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Your Letters

Sept. 8 is International Literacy Day. Founded in 1967 by UNESCO, the United Nations Educational, Scientific, and Cultural Organization, this day focuses attention on the need to promote worldwide literacy.

Students at Literacy Outreach and 30 million other Americans struggle daily with the painstaking task of deciphering simple, yet distressingly important, messages. UNESCO estimates that nearly 800 million people or one-fifth of the world’s adult population do not know how to read or write. Women make up two-thirds of this number.

Literacy is the ability to read, write, compute and use technology at a level that enables an individual to reach his or her full potential as a parent, employee and community member.

There is a correlation between a low literacy rate and a low paycheck. Just 35 percent of individuals with below basic skills are employed full time, while 64 percent in the proficient category have full-time jobs. Minimum wage workers increased wages by 18 to 25 percent within 18 months of exiting an adult education program.

Fourteen percent of the country’s adult population cannot read and write above a fifth-grade level. When compared to other industrialized nations, the U.S. ranks behind Poland, Slovenia, Hungary, Switzerland, Czech Republic, the United Kingdom, Germany, Belgium, Japan, Tonga and Bosnia Herzegovina. Nearly two-thirds of the projected new jobs in the United States will most likely be filled by workers with some post-secondary education.

With everyone’s help, we can teach local adults to read product and employee manuals, pill bottles, warning labels, job applications, ballots, school reports and their own children’s notes. To volunteer, please visit for upcoming tutor training dates. Along with guided instruction, our volunteers help adults overcome the shame and fear that accompanies functional illiteracy. These struggling spouses, parents and employees live and pay taxes with us in Garfield County. The more successful they become, the less stress they create on social services, law enforcement, schools, their families, all of us. We all benefit from a literate community.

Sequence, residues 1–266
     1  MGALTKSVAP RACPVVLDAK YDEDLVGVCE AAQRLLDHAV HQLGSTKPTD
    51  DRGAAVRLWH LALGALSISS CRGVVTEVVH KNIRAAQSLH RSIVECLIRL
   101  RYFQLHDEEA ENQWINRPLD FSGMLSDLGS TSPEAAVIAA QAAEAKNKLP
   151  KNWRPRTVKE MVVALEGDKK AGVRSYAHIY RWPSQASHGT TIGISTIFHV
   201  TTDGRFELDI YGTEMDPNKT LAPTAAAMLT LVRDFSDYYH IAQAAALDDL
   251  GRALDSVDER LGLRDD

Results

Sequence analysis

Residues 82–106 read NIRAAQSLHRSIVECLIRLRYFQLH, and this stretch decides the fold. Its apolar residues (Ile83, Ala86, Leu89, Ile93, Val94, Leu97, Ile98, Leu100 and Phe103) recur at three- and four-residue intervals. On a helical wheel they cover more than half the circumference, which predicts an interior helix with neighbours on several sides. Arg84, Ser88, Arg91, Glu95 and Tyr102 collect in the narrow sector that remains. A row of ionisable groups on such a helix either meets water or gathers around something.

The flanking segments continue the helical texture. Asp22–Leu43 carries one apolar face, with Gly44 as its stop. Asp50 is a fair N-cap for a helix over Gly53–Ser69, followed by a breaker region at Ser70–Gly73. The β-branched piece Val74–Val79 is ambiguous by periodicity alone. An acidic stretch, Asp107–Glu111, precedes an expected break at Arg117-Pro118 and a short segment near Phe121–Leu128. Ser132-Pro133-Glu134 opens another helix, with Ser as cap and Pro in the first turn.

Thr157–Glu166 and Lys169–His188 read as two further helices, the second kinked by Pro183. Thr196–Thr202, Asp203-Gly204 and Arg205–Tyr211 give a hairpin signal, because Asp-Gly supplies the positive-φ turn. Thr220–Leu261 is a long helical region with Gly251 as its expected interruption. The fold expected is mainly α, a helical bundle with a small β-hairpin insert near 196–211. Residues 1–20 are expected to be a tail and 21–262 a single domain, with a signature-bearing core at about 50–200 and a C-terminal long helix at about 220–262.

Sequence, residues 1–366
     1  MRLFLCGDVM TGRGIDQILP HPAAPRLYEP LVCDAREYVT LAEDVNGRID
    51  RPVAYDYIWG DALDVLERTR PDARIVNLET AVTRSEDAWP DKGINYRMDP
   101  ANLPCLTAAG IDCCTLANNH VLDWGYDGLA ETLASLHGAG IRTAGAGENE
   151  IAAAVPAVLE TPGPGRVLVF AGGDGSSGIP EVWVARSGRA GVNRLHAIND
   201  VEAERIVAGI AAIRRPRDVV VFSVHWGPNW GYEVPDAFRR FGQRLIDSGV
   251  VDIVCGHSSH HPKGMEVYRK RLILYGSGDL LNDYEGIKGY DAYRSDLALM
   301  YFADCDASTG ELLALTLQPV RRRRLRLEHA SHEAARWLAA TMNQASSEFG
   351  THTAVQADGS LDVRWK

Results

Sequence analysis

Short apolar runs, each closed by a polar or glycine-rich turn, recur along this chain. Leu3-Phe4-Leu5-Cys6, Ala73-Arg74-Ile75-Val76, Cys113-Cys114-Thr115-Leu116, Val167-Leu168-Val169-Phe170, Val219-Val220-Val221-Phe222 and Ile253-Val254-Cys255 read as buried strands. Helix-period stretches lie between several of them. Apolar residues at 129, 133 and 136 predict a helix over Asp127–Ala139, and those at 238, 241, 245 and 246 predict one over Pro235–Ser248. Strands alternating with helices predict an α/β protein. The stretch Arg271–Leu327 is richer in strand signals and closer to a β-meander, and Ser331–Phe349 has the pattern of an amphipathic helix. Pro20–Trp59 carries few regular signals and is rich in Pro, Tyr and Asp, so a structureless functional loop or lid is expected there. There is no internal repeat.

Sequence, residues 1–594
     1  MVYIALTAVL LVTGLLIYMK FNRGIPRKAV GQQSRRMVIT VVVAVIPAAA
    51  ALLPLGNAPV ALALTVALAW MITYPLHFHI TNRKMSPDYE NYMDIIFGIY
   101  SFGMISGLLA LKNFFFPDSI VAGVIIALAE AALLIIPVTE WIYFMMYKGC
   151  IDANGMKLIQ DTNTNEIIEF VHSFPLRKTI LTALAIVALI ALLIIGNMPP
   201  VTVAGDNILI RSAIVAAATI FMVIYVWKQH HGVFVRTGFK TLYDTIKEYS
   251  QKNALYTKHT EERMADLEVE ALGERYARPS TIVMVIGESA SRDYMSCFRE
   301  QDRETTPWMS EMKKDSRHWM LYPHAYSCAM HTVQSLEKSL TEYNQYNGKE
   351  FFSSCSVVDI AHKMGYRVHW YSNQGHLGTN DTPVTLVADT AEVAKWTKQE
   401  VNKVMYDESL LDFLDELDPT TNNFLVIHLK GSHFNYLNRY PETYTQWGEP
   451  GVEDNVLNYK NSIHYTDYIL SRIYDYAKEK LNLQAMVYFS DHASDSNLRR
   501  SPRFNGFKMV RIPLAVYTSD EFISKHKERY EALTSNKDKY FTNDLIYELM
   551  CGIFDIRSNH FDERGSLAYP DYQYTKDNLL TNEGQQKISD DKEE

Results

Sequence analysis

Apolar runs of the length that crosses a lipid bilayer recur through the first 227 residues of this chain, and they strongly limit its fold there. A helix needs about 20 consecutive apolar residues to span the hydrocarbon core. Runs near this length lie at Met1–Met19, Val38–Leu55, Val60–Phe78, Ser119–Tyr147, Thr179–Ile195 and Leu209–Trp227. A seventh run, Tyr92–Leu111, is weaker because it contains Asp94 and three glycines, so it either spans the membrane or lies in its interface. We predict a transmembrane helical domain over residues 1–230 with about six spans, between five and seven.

If you can read this, you can help.


Martha Fredendall

Literacy Outreach director

Sharon Brenner in her letter of Sept. 2 has put me in the position of defending Sen. Harry Reid, which is not something I care to do; though I bet Sharon and I can possibly agree that his new articulating of a stance is preferable to his past zombie-like lack of demonstrations.

As Sharon knows, all the budgets and any revenue bills originate, per the Constitution, in the House. Since there is fundamental disagreement about the Path to Prosperity, also know as the Ryan plan, and who would become prosperous and who would be left behind under this plan, the budget was rejected by the Senate. The Wall Street Journal, surely a no-nonsense publication in Sharon’s estimation, found a 22 percent approval rate as opposed to a 31 percent disapproval rate of this plan. One could say the Senate was fairly representing its constituency.

But on to Scott Tipton, whose voting record is published in the Denver Post. (You don’t hear much about him in the New York Times.) I sent Mr. Tipton an email shortly after his election to which he replied with a phone call. I was totally taken aback as no federal representative, Democrat or Republican, has ever called to personally acknowledge my input. I recovered enough to remember that Mr. Tipton had always been loudly and proudly against the Affordable Health Care Act, and to ask him what it was in the plan he was against. He pleasantly said he would get back to me on that. He had been elected saying he was against this Obama idea but could not articulate why. Needless to say Mr. party pants did not call back, whether he figured it out or not. Since then he has not proven himself as an exceptional legislative thinker, by any measure.